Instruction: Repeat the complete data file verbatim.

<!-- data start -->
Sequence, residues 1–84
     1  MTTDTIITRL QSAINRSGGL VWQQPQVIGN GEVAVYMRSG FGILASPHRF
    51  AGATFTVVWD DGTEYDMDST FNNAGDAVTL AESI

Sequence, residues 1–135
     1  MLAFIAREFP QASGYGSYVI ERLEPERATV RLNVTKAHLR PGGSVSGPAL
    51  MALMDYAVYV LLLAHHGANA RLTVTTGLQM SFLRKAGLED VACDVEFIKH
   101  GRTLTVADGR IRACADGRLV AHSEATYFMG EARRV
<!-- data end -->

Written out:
Sequence, residues 1–84
     1  MTTDTIITRL QSAINRSGGL VWQQPQVIGN GEVAVYMRSG FGILASPHRF
    51  AGATFTVVWD DGTEYDMDST FNNAGDAVTL AESI

Sequence, residues 1–135
     1  MLAFIAREFP QASGYGSYVI ERLEPERATV RLNVTKAHLR PGGSVSGPAL
    51  MALMDYAVYV LLLAHHGANA RLTVTTGLQM SFLRKAGLED VACDVEFIKH
   101  GRTLTVADGR IRACADGRLV AHSEATYFMG EARRV